Last season, Panarin and Ryan Strome formed a magical combination and the Rangers even scored 23 more goals than their opponents when they were on the ice together. Quinn has kept the duo largely intact this season, but he has shared a can in almost every game with his third partner and has regularly put the rest of the line in the blender.
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But except for Panarin (eight points from seven games), the best veterans – Strome, Mika Zibanejad, Kreider – are not producing at a high level, and it’s hard to say exactly why.
It’s an obvious question, and an obvious answer: Yeah, we’re not down on our sixes, Quinn said pointedly after Tuesday’s disappointing loss to the Sabres.
Weeks, who attended last week’s game against the Devils in Madison Square, said it flatly.
I don’t know what they look like this year, Weeks said. Last year, as the season progressed, they established their identity and their way of playing. Even without Mika, they played well. And it’s clear that Bradman [Panarin] was New York’s top athlete last year, and Zibanejad was a pain in the ass. You knew what to expect as the season progressed.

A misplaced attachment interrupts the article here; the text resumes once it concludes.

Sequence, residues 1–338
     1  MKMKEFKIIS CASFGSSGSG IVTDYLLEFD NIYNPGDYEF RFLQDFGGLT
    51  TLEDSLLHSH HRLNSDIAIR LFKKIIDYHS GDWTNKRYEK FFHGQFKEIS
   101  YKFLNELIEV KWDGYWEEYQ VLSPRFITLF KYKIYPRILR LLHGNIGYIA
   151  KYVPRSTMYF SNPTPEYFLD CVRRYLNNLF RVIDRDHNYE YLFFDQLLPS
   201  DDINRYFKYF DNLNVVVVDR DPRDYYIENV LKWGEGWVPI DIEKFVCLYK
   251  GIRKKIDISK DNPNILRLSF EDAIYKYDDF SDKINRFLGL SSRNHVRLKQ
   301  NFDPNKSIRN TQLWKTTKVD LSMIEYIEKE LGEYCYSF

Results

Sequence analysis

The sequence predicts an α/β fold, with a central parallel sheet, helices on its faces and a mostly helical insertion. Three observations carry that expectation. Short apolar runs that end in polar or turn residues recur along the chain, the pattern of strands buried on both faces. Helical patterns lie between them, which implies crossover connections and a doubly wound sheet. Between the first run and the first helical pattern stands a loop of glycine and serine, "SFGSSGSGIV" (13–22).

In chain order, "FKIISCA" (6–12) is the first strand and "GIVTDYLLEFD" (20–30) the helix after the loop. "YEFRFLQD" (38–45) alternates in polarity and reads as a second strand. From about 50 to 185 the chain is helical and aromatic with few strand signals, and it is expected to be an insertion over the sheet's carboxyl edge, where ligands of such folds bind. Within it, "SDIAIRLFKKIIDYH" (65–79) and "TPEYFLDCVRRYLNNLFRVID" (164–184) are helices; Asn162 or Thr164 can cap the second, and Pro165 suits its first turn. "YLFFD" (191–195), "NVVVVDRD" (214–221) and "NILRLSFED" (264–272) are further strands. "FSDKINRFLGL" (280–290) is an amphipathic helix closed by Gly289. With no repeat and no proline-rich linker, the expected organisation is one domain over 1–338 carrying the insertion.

This year, they haven’t found their identity yet: What are we, a print team? What are we, a review team? What are we, a team that attacks by surprise? We’re a defensive team – well, we know we’re not. Are we a physical team? Well, Trouba, [Brenden] Lemieux and Kreids have some physical elements, but as a team they just don’t seem to be in sync.
Artemi Panarin scored high again this season. Sarah Schmidl/NHLI via Getty Images
There is no doubt that Rangers have good players and should be a team that relies on its own energy, but they have not been able to hold that energy throughout an entire game – and have often lost confidence and seemed depressed when setbacks struck late.
Lafrenière as first choice. When asked what he sees in Lafrenière, who scored his first goal Thursday night with the winner of extra time, Maloney replied: a 19-year-old who always feels that way. I’m a little nervous.